|From the Warner Bros. Cartoon Companion
(c) 1997, 1998 Eric O. Costello.
Character created by the WB studio for "The Army-Navy Screen Magazine", which was produced by Frank Capra during World War II. Snafu (which was a play on the soldiers acronym for Situation Normal All Fouled/F***ed Up) was a soldier who rarely, if ever, did anything right, and his mistakes were used to get across serious points in a humorous way. Some of the Snafu shorts had scripts written by Ted Geisel (a/k/a Dr. Seuss), and W. Munro Leaf, who was in the Army at that time, is known to have collaborated on at least one Snafu short with Geisel. Standards were a little looser for the Snafu shorts; given their target audience, more cheesecake shots (the pinup used to hatch pigeon eggs in Three Brothers or the sexy Nazi spy in Spies) and more risque humor and dialogue, including a few four letter words like damn and hell were used. Other than that, the cartoons had some similarities with WB shorts, to the extent of using the same artists, Carl Stalling's scores, and Mel Blanc (with Robert Bruce, as usual, doing the narration and a few of the voices, especially for Outpost and The Chow Hound ).
Not all of the Snafu shorts were made at WB, though most of them were. The forerunner of UPA produced a few shorts utilizing Snafu, and toward the end of the war, the Tex Avery unit at MGM was working on one short, “Mop Up” (a/k/a “How to Get a Fat Jap out of a Cave”), which was terminated by the end of hostilities.
Animation from one Snafu short, Target: Snafu was reused in a later Freleng short, Of Thee I Sting (1946). The gag using the misplaying of Those Endearing Young Charms, followed by the correct playing with disastrous consequences, was first used in Booby Traps (Clampett, 1944), years before Freleng would use it to great effect in Ballot Box Bunny and Show Biz Bugs (1951 and 1957, respectively).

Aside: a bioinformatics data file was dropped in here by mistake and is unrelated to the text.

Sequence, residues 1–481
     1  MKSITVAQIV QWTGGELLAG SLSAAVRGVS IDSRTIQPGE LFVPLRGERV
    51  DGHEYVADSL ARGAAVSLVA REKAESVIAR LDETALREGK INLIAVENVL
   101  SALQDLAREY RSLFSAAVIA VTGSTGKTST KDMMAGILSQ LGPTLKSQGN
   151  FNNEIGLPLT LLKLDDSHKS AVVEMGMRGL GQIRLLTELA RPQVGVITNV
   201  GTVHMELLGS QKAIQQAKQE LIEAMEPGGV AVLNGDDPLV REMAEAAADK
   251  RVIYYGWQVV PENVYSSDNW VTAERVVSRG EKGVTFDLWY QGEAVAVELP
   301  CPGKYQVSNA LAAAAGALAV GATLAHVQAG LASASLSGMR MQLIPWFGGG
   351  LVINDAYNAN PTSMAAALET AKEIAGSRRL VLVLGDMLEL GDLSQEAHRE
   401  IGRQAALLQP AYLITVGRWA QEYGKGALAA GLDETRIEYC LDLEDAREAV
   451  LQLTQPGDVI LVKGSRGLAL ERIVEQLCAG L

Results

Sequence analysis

Snafu had a naval counterpart, Hook, a few of whose films have recently been discovered. He made one appearance in a theatrical WB cartoon, as the soldier giving the horse a rubdown in The Draft Horse (Jones, 1942).
These cartoons were never really released for public consumption. They were intended solely for the military, and many of them would be considered very offensive by today's standards (along the lines of the legendary six Bugs Bunny shorts Cartoon Network won't run), featuring charicatures of the Japanese, Germans and Italians.
Ordinarily I'd write up the capsule myself, but I find myself hard pressed to do better than Mr. Costello.
During World War II, our boys overseas needed important safety lessons regarding the tools of their trade. They also needed healthy doses of entertainment. There wasn't always a Bob Hope tour around when you needed one. The call was answered by the Warner Bros. Cartoon Studio in the form of Private SNAFU.
If you manage to get your hands on these, watch 'em. If you've ever seen a cartoon in documentary footage of a US Army soldier who sort of resembles an early Elmer Fudd, that would be these. They are just as entertaining as the rest of the Looney Tunes family, and are an important part of history.
These cartoons were all made in the heyday of Warner's animation dept. They were black and white so they could be produced cheaper and quicker than the regular shorts. If you've ever noticed a number of jokes in Warner cartoons you didn't get, they'll be in these, too. Don't let that stop you. In fact, you should stop at Mr. Costello's website, as it explains many of the jokes that the younger set simply won't get (such as references to the Nash Motor Company).